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This article describes the factors considered in the analysis of brazeability and solderability of engineering materials. These are the wetting and spreading behavior, joint mechanical properties, corrosion resistance, metallurgical considerations, and residual stress levels. It discusses the application of brazed and soldered joints in sophisticated mechanical assemblies, such as aerospace equipment, chemical reactors, electronic packaging, nuclear applications, and heat exchangers. The article also provides a detailed discussion on the joining process characteristics of different types of engineering materials considered in the selection of a brazing process. The engineering materials include low-carbon steels, low-alloy steels, and tool steels; cast irons; aluminum alloys; copper and copper alloys; nickel-base alloys; heat-resistant alloys; titanium and titanium alloys; refractory metals; cobalt-base alloys; and ceramic materials.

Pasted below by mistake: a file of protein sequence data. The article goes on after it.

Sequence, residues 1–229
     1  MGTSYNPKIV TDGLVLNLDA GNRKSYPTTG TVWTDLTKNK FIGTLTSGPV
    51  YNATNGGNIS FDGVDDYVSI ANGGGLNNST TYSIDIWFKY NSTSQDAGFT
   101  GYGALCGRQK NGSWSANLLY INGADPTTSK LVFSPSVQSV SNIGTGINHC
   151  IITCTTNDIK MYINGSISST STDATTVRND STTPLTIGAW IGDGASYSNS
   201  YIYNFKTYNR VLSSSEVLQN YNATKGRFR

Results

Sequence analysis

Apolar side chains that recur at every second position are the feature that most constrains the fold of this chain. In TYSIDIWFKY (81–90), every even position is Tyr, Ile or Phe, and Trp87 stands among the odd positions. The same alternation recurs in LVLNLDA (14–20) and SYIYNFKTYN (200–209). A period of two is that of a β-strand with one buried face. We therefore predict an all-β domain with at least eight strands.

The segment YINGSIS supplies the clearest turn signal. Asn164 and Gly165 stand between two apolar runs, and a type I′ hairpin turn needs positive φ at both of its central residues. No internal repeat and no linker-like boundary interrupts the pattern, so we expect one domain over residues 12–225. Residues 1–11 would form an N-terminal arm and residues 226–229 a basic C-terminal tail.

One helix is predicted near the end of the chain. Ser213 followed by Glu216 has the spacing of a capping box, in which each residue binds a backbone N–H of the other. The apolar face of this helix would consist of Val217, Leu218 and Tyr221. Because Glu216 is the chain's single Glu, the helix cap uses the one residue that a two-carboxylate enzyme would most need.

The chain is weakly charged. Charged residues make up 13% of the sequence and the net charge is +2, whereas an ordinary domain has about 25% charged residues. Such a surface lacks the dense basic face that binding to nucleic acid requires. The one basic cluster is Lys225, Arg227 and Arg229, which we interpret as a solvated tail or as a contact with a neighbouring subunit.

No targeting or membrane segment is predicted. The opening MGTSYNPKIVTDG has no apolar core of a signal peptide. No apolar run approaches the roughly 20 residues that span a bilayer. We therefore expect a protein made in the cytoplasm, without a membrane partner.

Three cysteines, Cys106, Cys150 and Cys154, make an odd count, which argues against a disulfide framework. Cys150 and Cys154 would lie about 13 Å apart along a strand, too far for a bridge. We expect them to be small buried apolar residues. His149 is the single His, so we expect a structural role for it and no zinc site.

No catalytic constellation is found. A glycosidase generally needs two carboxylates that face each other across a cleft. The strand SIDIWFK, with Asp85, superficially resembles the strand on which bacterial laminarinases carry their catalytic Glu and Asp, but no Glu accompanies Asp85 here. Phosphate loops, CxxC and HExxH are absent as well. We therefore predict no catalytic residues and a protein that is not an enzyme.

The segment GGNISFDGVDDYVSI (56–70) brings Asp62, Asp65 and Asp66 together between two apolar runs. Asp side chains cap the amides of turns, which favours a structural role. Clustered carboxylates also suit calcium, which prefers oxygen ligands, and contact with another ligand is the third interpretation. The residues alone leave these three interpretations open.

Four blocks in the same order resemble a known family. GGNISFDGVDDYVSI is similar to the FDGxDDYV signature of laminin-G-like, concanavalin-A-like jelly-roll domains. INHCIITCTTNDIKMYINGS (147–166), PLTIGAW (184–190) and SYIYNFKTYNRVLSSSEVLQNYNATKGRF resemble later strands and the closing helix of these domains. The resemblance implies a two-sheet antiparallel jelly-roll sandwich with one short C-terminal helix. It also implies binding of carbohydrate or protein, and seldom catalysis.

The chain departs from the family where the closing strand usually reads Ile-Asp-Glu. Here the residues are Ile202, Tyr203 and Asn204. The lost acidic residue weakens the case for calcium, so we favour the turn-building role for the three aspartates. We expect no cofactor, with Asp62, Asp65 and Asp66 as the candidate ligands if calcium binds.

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Stephen Liu, Brazeability and Solderability of Engineering Materials, Welding, Brazing and Soldering, Vol 6, ASM Handbook, Edited By David LeRoy Olson, Thomas A. Siewert, Stephen Liu, Glen R. Edwards, ASM International, 1993

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